Blend flour, sugar, and salt in processor. Add butter and lard; using on/off turns, blend until mixture resembles coarse meal. Transfer mixture to medium bowl. Add 5 tablespoons ice water and mix with fork until dough begins to clump together, adding more water by teaspoonfuls if dry. Gather dough together. Divide dough in half; flatten each half into disk. Wrap each disk in plastic and refrigerate at least 1 hour.

DO AHEAD Can be made 3 days ahead. Keep refrigerated. If necessary, soften slightly at room temperature before rolling out. 

Apple Pie
I shared a recipe with you last week, but this one is much more classic.  You can do a single crust or double, whichever you prefer.

1 pie crust (half recipe above) or 2 crusts (full recipe above)
8 or 9 large apples of several different cooking varieties (Delicious apples will NOT do), peeled, cored, and thinly sliced
Juice of 1 large lemon
½ cup Sugar
1 t Ground cinnamon
1 t vanilla
Pinch of both ground mace and ground nutmeg

Unsalted butter
1 large egg white beaten with a little water, for brushing

Preheat oven to 450 degrees.

Unwrap dough.  On a lightly floured surface with a floured rolling pin, roll it out to a 12-in diameter, 1/8 inch round.  Fold into quarters and transfer to a 9-inch pie plate.  Unfold and mold into plate.  Trim edges to a ¾ inch overhang.  Turn edges under and crimp with fingers, and refrigerate. 

In a large bowl, mix the apple slices in the lemon juice. Add the sugar and cinnamon, then add the mace, nutmeg, and vanilla.  Pour the apple mixture into the prepared pastry shell. Mound toward the center and dot with butter.

If using two crusts:
Roll out the remaining pastry and carefully lay it over the apples. Seal the edges, cut vent holes, and decorate with extra pieces of dough cut into decorative shapes. Brush the egg wash over the surface of the pastry.

Place the pie pan on a baking sheet (to catch any spill over) and cook in the middle of the oven for 10 minutes. Turn the oven down to 350° F. and continue to cook for about another hour, until the top crust is a beautiful golden brown. If the edges start to darken too much, cover with a ribbon of aluminum foil.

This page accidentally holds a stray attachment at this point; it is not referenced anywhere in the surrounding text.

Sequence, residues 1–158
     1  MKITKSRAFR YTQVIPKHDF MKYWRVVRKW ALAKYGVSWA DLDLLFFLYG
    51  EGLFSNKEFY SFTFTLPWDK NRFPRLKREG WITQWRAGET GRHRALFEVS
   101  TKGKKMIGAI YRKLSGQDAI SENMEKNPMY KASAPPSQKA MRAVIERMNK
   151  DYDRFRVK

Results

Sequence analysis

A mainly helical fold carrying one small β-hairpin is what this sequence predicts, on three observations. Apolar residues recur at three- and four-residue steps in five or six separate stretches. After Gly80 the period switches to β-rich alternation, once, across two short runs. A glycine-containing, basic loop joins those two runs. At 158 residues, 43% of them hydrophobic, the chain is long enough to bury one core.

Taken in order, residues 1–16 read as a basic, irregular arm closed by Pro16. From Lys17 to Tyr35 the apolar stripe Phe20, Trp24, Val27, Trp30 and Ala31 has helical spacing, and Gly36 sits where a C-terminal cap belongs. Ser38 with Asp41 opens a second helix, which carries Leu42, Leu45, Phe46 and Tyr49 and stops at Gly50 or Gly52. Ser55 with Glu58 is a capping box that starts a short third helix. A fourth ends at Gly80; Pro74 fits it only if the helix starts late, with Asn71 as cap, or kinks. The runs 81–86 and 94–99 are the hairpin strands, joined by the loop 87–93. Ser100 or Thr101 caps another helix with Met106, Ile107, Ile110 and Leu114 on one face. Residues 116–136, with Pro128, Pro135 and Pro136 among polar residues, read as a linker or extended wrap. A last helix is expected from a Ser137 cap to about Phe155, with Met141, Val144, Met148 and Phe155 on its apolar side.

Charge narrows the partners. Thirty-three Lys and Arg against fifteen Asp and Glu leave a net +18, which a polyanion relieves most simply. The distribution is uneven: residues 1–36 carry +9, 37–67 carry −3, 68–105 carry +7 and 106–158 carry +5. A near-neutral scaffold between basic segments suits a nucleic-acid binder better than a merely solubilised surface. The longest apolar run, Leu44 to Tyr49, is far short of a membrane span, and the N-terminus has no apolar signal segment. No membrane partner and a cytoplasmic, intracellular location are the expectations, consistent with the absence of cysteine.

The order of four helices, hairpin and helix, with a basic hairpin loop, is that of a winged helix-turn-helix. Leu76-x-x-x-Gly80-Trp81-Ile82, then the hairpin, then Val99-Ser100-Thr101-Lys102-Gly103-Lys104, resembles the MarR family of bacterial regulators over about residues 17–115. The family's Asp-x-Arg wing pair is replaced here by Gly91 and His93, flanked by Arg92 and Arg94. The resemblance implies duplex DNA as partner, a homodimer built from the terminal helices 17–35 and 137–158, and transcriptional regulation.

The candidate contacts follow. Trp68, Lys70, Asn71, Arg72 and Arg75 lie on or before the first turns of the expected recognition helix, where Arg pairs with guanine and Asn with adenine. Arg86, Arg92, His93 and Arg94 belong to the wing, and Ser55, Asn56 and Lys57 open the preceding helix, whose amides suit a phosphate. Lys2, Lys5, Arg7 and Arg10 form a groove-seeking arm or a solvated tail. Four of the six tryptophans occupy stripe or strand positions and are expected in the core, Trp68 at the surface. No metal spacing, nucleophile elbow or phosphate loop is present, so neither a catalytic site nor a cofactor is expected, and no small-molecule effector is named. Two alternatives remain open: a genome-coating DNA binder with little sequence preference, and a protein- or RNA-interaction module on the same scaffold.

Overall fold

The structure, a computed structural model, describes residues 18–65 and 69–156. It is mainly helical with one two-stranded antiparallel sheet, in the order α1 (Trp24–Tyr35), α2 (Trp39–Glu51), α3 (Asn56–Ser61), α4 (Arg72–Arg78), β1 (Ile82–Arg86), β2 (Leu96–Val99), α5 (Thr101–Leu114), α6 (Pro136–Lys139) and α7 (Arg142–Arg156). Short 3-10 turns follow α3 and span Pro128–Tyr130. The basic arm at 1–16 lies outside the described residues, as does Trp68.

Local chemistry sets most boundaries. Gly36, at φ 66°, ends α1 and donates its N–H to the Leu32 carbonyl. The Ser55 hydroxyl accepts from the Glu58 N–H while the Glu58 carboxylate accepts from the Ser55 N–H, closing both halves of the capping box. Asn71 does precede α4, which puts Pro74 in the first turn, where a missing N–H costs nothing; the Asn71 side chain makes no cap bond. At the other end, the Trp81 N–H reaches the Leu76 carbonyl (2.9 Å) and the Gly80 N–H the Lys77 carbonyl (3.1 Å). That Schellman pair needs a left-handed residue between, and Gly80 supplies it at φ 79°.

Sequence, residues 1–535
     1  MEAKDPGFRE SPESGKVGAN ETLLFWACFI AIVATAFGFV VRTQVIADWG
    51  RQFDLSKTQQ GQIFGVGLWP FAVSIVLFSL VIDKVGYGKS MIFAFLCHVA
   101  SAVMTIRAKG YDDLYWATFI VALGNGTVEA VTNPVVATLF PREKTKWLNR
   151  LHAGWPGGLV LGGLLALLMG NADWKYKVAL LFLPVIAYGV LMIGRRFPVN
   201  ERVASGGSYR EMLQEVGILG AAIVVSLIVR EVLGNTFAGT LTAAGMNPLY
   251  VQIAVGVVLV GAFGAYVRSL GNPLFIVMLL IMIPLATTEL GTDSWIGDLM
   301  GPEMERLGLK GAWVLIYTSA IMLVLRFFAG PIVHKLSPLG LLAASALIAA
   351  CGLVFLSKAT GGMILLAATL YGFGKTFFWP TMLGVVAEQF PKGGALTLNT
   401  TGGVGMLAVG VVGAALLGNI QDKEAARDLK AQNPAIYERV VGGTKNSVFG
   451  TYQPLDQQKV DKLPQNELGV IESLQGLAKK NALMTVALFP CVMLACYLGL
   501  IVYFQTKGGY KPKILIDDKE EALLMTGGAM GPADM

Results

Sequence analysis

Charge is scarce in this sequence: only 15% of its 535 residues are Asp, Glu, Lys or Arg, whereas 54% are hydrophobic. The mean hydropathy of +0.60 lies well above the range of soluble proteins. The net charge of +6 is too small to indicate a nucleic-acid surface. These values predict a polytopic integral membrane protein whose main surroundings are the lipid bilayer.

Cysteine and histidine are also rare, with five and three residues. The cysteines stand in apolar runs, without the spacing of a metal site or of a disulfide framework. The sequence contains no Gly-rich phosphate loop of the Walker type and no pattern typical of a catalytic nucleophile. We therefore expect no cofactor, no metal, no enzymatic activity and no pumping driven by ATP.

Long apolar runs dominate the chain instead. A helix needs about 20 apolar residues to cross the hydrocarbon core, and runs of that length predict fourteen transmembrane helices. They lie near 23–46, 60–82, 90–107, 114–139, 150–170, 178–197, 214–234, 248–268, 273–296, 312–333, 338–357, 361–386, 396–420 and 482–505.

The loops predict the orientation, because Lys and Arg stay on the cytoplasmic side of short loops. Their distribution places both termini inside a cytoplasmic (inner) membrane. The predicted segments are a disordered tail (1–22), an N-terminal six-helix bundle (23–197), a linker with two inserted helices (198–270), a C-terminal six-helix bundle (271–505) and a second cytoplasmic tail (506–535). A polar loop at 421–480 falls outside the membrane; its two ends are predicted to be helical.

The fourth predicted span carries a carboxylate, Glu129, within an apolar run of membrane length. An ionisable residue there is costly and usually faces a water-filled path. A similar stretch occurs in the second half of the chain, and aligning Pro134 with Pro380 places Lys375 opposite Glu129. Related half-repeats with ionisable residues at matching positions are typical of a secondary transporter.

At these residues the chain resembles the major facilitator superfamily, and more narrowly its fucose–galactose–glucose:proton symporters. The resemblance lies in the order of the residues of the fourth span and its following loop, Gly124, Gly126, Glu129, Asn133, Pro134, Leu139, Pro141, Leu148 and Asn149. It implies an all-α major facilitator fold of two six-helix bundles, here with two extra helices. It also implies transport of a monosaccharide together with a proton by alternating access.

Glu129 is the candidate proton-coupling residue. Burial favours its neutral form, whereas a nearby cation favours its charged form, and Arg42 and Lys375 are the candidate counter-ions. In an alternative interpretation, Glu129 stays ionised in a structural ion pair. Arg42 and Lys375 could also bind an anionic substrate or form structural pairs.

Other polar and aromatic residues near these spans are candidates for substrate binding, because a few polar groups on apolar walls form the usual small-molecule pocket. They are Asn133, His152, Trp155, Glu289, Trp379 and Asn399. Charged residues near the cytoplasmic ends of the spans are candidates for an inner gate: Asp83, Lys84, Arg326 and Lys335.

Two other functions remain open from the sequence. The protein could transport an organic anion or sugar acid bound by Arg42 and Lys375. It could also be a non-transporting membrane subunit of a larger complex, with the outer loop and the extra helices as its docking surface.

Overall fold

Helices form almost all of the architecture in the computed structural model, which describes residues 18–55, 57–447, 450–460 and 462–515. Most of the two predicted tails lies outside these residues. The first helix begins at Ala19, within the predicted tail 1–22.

Pecan Pie
My mother’s favorite—she makes an excellent version, this is an update to that recipe. 
1 pie crust (half recipe above)
1 large egg
5 large egg yolks
2/3 cup light cane syrup
2/3 cup light brown sugar
½ cup heavy cream
¼ t salt
½ cup (1 stick) butter
1 t vanilla extract
1 ¾ cup pecan pieces

Heat oven to 325 degrees. 

Unwrap dough.  On a lightly floured surface with a floured rolling pin, roll it out to a 12-in diameter, 1/8 inch round.  Fold into quarters and transfer to a 9-inch pie plate.  Unfold and mold into plate.  Trim edges to a ¾ inch overhang.  Turn edges under and crimp with fingers, and refrigerate. 

Whisk egg and egg yolks together in a bowel.  Combine cane syrup, sugar, cream and salt in a saucepan until blended.  Add butter and cook over medium heat until melted, then cook until mixture is hot but not bubbling, about 1 min longer.  Gradually whisk syrup mixture into eggs until blended.  Stir in vanilla.  Add pecan pieces and stir together. 

Pour filling into the crust.  Bake until filling is set around edges but center jiggles slightly, 45-50min. 

Pumpkin Pie
The pie for without which, no Thanksgiving is complete.  The best pumpkin pie recipe I have ever come across is from my Aunt, adapted from the Silver Palate spicy pumpkin pie recipe found there.  It is so flavorful, no limp spices for this pie, you can truly taste the pumpkin… its delicious, and my favorite.  I upped the sugars from the original recipe, you can back them down if you want it really spicy.

1 pie crust (half recipe above)
3 eggs
1/2 C. granulated sugar
1/2 C brown sugar
2 C canned pumpkin puree
1 t. ground ginger
1 and 1/2 t ground cinnamon
1/2 t ground cloves
1/2 t ground allspice
1/4 t ground cardamom
pinch salt
3/4 C heavy cream
3/4 C half & half

Preheat oven to 450.

Unwrap dough.  On a lightly floured surface with a floured rolling pin, roll it out to a 12-in diameter, 1/8 inch round.  Fold into quarters and transfer to a 9-inch pie plate.  Unfold and mold into plate.  Trim edges to a ¾ inch overhang.  Turn edges under and crimp with fingers, and refrigerate.